New Labour’s building legacy for Scotland: £1 billion a year in debt, for 25 years and walls that fall down if it’s windy.



‘The scale of PFI repayments are now absolutely staggering – showing the sheer incompetence and damaging legacy of the previous Labour and the Lib Dem executive which is holding Scotland back to this day.’

Those are the words of SNP MSP Ash Denham. Can’t argue with that other than to remind him that some of the school walls built under the scheme have started to fall down on windy days killing, so far, nobody. The projects have been both over-priced and under-supervised

The Courier’s headline was:

‘Toxic’ PFI charges for taxpayer exceed £1bn a year for first time’

That’s right, £1 000 000 000 per year and at least that amount for 25 years. Here’s how the Courier explains the deals:

‘PFI deals, a form of public-private partnership, involve the private sector providing the cash up front for infrastructure such as schools and hospitals, which public authorities then lease back over a period of at least 25 years. Those unitary charge payments, which can also include stumping up for maintenance and cleaning, often exceed the value of the building project itself, with the public body never actually owning the property. Meanwhile, companies can make large profits through guaranteed annual payments.’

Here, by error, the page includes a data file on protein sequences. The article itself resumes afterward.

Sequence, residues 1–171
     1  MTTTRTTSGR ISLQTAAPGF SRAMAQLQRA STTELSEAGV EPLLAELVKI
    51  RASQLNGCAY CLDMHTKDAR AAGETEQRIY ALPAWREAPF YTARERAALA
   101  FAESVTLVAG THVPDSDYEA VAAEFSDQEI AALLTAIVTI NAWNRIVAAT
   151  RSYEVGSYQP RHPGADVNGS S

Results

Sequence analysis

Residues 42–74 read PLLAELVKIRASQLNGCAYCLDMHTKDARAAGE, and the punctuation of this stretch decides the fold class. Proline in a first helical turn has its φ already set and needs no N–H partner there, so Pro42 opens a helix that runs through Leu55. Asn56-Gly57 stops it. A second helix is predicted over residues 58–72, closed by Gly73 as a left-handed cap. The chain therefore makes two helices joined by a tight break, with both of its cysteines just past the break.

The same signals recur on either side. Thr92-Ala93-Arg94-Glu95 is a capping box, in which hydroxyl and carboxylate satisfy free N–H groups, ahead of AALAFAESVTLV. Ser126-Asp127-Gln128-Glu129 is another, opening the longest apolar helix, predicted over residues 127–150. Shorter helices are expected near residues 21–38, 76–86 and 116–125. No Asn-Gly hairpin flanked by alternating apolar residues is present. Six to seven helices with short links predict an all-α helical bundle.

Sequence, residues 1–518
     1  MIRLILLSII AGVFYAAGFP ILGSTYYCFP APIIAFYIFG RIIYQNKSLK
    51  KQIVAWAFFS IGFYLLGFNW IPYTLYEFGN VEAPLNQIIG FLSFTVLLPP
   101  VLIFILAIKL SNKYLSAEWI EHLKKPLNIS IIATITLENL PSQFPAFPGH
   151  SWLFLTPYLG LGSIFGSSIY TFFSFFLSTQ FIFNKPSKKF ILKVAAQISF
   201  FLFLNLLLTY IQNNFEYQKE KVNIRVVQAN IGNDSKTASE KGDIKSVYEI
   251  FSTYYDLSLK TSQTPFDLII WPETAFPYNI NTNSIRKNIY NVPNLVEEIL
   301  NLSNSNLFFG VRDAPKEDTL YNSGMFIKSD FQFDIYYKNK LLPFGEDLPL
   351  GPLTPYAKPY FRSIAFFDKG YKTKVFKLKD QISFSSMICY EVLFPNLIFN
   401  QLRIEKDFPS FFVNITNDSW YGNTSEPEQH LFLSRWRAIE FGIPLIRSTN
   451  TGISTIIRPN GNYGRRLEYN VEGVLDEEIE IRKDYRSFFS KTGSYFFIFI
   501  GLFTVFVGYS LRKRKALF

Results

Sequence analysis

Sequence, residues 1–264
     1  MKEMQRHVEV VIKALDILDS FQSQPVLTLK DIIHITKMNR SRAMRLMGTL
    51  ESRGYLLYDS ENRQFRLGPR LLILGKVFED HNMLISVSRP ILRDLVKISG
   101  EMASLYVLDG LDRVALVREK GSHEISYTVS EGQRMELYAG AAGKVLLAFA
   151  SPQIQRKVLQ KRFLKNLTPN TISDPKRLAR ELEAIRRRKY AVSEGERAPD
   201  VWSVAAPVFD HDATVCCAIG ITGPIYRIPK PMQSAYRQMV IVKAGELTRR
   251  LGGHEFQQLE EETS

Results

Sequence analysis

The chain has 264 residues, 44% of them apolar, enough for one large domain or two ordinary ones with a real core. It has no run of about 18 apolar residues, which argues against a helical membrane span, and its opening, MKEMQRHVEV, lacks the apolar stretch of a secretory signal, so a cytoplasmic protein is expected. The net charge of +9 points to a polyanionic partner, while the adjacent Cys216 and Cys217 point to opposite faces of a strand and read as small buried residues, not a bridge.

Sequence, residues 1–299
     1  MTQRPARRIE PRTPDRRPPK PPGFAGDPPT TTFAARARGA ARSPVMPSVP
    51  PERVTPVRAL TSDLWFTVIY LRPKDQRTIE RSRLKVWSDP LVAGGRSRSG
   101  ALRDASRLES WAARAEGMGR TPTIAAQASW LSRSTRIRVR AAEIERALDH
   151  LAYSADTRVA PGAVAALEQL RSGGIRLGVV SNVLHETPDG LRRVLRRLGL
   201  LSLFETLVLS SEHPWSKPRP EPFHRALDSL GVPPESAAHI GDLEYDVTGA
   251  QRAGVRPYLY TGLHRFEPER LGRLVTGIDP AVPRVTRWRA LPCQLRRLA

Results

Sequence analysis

Notice that we never actually own the property. A deal with the de’il?


6 thoughts on “New Labour’s building legacy for Scotland: £1 billion a year in debt, for 25 years and walls that fall down if it’s windy.

  1. Robert Graham August 30, 2017 / 1:30 pm

    Now if that simple unarguable statement should be being promoted by every single SNP politician, Presented on any available Billboard for all to see, this is the consequences of a return to Labour – Tory – Lib dem at Hollyrood , it should be the subject of every SNP Msps question in the chamber, on and on until the media can’t avoid covering it to some degree.
    Name and shame all involved. No more being nice get the bloody gloves off.


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